January Jones, Betty Draper, and Emma FrostPosted: June 11, 2011
January Jones is fascinating.
January played a sociopath, Kim Brody, on an episode of Law and Order (“Quit Claim”). She was a beautiful, calculating, manipulative ingenue whose visible emotions ranged from raising an eyebrow to pursing a lip. She was always a step ahead of the game. She played each moment with straight confidence born in the knowledge that she always got away with everything. She was an ice queen who hated everyone because they didn’t love her. This episode played on TNT a couple weeks ago and when my brother asked “who’s that?” I answered:
The consensus seems to be that January Jones’ performance in X-Men: First Class is at best “wooden” or mimicking her (Emmy-nominated) role as Betty Draper/Francis on AMC’s Mad Men. Well, I don’t think it is going out on a limb to say that the Emma in this movie shares many characteristics and circumstances with Betty Draper and I find it likely she was hired to play that role. But I will go out on a limb and say — actually, January’s was one of the better performances. Not on par with McAvoy and Fassbender but I much prefer her Emma to Jennifer Lawrence’s Mystique.
The Emma Frost in this movie is not the one running around in the comics today. She is a product of her times, her upbringing, the desires she’s not allowed to voice, the power she’s not allowed to have. In the eyes of her society, both the one she works within and the larger one, she is not meant to be much more than a very pretty hanger for very pretty clothes. She — both Emma and January — does that very well.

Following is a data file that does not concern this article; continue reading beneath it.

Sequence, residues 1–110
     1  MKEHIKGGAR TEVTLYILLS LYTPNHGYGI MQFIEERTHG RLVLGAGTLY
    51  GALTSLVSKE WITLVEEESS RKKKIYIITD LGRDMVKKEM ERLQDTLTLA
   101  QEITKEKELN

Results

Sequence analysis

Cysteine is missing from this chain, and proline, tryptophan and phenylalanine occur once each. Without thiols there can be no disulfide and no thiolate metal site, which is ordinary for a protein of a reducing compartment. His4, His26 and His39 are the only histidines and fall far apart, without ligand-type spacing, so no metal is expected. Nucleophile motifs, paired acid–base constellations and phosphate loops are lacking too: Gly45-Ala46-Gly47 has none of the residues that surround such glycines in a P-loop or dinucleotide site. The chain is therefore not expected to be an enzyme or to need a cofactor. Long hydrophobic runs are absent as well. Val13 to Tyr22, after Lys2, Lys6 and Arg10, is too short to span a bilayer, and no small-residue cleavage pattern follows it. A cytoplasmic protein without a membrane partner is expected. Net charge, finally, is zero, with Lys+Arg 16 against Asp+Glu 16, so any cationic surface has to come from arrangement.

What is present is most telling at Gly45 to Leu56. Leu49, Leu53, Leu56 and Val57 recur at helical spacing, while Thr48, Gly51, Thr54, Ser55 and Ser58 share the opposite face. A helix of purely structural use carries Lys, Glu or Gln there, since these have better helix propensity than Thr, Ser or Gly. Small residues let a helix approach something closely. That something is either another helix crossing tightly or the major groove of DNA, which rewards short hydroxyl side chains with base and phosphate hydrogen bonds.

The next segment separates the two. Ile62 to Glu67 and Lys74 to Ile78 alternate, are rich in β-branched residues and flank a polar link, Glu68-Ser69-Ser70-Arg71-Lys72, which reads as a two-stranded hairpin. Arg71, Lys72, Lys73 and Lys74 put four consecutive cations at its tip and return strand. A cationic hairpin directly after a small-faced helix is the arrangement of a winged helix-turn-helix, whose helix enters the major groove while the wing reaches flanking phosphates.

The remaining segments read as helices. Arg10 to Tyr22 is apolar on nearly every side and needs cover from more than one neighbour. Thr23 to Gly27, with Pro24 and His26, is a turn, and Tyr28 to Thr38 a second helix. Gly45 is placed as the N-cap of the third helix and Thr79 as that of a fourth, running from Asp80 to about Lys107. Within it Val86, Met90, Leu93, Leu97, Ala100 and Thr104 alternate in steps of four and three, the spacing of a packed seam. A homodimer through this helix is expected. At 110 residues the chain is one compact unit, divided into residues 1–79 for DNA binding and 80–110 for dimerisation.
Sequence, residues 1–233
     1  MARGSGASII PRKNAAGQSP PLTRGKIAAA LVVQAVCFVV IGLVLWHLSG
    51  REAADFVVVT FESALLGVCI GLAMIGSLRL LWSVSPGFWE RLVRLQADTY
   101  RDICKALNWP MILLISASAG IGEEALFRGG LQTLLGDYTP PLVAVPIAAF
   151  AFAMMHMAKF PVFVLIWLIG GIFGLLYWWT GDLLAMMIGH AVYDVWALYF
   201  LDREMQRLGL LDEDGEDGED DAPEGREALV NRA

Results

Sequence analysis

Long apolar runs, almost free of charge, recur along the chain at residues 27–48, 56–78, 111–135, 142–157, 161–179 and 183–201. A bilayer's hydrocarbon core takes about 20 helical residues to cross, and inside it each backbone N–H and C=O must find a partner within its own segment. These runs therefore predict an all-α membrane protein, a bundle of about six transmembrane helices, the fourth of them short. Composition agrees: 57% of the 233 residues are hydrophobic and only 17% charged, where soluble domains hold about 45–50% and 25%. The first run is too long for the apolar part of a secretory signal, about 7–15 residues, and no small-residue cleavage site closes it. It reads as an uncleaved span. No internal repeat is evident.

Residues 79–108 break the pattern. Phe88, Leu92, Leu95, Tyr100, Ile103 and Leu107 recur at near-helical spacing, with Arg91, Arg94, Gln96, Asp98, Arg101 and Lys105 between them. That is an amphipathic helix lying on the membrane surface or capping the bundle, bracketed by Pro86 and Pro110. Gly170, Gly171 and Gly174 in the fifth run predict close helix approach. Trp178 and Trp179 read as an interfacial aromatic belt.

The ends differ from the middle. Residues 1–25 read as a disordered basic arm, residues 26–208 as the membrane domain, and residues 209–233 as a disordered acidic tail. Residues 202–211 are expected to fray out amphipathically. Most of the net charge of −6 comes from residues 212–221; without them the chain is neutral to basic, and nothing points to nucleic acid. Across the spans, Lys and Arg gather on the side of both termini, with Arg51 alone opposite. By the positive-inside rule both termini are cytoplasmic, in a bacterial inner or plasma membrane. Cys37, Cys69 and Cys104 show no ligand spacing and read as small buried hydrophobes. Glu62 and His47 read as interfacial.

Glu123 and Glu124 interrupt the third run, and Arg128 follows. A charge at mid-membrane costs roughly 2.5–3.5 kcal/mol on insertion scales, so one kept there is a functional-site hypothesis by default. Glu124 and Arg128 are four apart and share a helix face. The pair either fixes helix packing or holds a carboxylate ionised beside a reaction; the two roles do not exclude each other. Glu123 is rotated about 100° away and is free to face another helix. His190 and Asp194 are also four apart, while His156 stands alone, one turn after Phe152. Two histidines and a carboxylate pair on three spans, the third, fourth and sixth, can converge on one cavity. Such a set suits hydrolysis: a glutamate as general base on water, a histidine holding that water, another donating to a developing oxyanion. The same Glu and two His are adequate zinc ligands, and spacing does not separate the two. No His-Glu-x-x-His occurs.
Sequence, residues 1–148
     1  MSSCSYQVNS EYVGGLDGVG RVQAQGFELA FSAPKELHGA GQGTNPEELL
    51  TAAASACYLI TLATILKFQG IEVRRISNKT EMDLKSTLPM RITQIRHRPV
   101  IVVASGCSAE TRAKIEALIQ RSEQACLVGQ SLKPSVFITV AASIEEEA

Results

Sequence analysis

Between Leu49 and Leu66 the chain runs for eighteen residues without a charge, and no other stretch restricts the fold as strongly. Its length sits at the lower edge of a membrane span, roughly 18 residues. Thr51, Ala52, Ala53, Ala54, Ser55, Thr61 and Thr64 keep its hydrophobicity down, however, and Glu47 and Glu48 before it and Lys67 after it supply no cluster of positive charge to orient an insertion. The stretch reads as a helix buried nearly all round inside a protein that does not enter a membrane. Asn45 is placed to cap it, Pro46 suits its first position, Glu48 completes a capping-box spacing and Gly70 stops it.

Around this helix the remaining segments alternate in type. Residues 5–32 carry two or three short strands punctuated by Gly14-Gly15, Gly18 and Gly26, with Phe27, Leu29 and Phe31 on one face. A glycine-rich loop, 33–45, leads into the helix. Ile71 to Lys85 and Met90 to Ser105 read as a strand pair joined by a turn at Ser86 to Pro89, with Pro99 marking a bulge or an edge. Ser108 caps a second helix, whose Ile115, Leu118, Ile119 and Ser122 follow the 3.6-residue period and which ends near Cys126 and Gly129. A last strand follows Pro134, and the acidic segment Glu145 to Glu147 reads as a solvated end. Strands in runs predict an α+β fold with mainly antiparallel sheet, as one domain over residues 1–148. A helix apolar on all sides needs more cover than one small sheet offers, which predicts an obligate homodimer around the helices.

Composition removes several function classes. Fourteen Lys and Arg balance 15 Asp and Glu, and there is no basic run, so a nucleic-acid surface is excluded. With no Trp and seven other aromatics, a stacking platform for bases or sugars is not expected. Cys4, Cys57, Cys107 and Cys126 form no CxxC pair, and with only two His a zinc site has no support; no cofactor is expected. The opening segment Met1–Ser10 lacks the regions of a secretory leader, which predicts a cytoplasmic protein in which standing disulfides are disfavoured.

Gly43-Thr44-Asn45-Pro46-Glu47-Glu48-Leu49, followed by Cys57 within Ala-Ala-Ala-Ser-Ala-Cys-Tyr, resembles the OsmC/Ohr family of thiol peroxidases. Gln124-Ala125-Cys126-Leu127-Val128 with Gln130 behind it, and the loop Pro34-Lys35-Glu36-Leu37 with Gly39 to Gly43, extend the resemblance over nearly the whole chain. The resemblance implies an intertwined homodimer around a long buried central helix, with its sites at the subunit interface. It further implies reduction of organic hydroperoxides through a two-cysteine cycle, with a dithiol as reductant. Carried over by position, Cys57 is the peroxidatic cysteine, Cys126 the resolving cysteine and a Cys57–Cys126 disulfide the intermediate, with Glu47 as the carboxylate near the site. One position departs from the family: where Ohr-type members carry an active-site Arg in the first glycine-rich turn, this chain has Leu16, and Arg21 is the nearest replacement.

But there are moments of more:
+ When Shaw calls her pretty and she responds with a genuine girly smile — which quickly morphs back into her standard dismissive ice queen stare when he sends her off for ice.
+ When she watches the Russian general in the throes of his version of passion with her illusory self; she says “Pathetic” with a look of bored disgust — tinged with a longing for actual passion in her life (cue Magneto’s entrance).
+ Her line about war implying the other side can’t possibly win is delivered with calculated disdain. She betrays nothing.
That’s the main point — she betrays nothing. It’s a very fine line between betraying nothing and being nothing but as Betty, as Kim, and as Emma (and quite honestly, as herself in the public eye), January Jones does it. And it fascinates me.
Plus, mad props for wearing these shoes while pregnant.